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MLS doesn’t seem to care about the U.S. Open Cup. But here at Backheeled, we do

As MLS distances itself from the U.S. Open Cup, we're ramping up our coverage of the historic tournament.

4 min read

The U.S. Open Cup, as we once knew it, is gone. 

At least for this year. 

This country’s only connection between the amateur game, the lower divisions, and the top flight has now been largely severed by MLS. Last Friday, MLS and U.S. Soccer announced that only eight out of 26 total domestic teams from the men’s first division would participate in this year’s Open Cup. 

Why? Well, MLS has repeatedly cited “schedule congestion” as the reason for wanting to withdraw its teams from the oldest currently-running annual sports tournament in the United States.

Still, it’s impossible to look past the fact that MLS has congested its own schedule. Between the new expanded Leagues Cup that eats up a month of the calendar and an ever-growing list of playoff games, it’s clear that schedule congestion isn’t a legitimate concern for MLS. That ship has sailed. 

No, let’s not be fooled. The real concerns for MLS are money and control.

The U.S. Open Cup, which is run by U.S. Soccer and not MLS, doesn’t feature as many wide-reaching matchups as Leagues Cup. It doesn’t give MLS the same oversight over revenue as their own playoff games, either. And so the league decided to take (most) of their toys and go home, despite the fact that U.S. Soccer’s Pro League Standards require professional teams to participate in the Open Cup.

Does the U.S. Open Cup need to improve? Absolutely. 

It’s an asset that’s never been promoted, broadcasted, or formatted in an ideal way by U.S. Soccer or its other stakeholders. It’s certainly never come close to being a widely consumed sports property in the United States. Those factors played a huge, and at least partially understandable, role in MLS wanting to move in a different direction. Now that they have, it’s going to be even harder for the Open Cup to improve, even with new commercial partners on board. 

As someone who lives and covers this sport outside of an MLS market, the decision made by the league to pull away from the Open Cup stings. 

It’s been a decade since Phoenix Rising (then Arizona United) faced off against an MLS team in the Open Cup. Will Phoenix have a chance to pull off an upset in this year’s edition of the tournament? Or literally ever again? I don’t know.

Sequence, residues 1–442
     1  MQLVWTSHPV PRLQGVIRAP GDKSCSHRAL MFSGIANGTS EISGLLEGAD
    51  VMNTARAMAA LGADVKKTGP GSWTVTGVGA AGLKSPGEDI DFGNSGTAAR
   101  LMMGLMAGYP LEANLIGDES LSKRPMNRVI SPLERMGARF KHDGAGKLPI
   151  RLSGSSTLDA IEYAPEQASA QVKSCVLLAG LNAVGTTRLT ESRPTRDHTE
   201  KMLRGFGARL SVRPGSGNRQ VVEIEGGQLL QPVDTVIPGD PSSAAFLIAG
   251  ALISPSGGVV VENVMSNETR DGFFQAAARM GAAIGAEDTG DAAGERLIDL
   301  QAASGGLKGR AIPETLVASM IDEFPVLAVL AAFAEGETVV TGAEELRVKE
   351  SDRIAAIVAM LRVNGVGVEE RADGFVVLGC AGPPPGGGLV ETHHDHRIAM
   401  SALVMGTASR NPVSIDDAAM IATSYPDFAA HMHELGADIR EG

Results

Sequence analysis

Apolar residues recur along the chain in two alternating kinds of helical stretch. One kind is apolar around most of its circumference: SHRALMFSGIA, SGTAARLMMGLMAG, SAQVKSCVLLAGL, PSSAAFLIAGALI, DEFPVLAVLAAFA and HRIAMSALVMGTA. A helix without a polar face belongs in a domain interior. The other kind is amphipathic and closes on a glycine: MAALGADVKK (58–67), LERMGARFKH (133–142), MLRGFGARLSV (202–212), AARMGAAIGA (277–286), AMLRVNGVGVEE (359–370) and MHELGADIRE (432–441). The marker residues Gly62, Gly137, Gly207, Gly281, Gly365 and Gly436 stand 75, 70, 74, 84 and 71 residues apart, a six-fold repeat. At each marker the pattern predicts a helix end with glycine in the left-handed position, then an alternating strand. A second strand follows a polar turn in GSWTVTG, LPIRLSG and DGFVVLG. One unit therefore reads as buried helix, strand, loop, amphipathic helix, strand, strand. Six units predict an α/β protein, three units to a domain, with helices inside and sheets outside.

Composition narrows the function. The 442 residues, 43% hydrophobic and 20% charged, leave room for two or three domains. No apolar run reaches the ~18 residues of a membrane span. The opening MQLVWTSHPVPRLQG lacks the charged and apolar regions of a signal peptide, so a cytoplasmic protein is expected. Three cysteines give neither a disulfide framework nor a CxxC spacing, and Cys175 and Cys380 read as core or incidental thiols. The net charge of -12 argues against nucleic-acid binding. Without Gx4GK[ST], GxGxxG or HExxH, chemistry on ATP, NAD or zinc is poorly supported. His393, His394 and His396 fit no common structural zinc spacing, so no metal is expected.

This nonsensical format for the 2024 edition of the Open Cup with eight MLS teams here and 11 MLS Next Pro teams there may not last forever. Planning for the 2025 edition of the competition will begin any day now. Maybe it will go back to the way things were. Or, maybe not.

The only connection between the top and bottom of the United States’ atypical, misshapen men’s soccer pyramid is hanging by a thread. With it, hangs the potential for great upsets and even greater stories.

As I’ve been mulling over all of the recent news, I’ve been thinking about ways to shift from justified sadness to some sort of proactive response. 

Well, here it is: at Backheeled, we’re committing to quality, consistent coverage of the U.S. Open Cup this year.

MLS teams or no MLS teams or eight MLS teams, it doesn’t matter. We’re going to have features, analysis, recaps, and other kinds of Open Cup stories right here on the site. We want to emphasize the fact that the Open Cup isn’t just about MLS. 

It’s about the lower-division clubs.

It’s about the amateur teams.

It’s about people. 

It’s about community.

It’s about possibility. 

To pull this off, we’d love some help from you, dear reader. If you have a story to tell or if you know of one worth telling, let us know. You can get in touch with us here. And if you like the idea of shining a greater light on what is a truly special tournament, even if MLS doesn’t seem to think so, tell a friend about what we’re doing here Backheeled

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While we are growing, Backheeled is still only a small part of the American soccer landscape. Despite our size and limited resources, we're going to do what we can to help fans follow the U.S. Open Cup. So, buckle up for more coverage than ever before.

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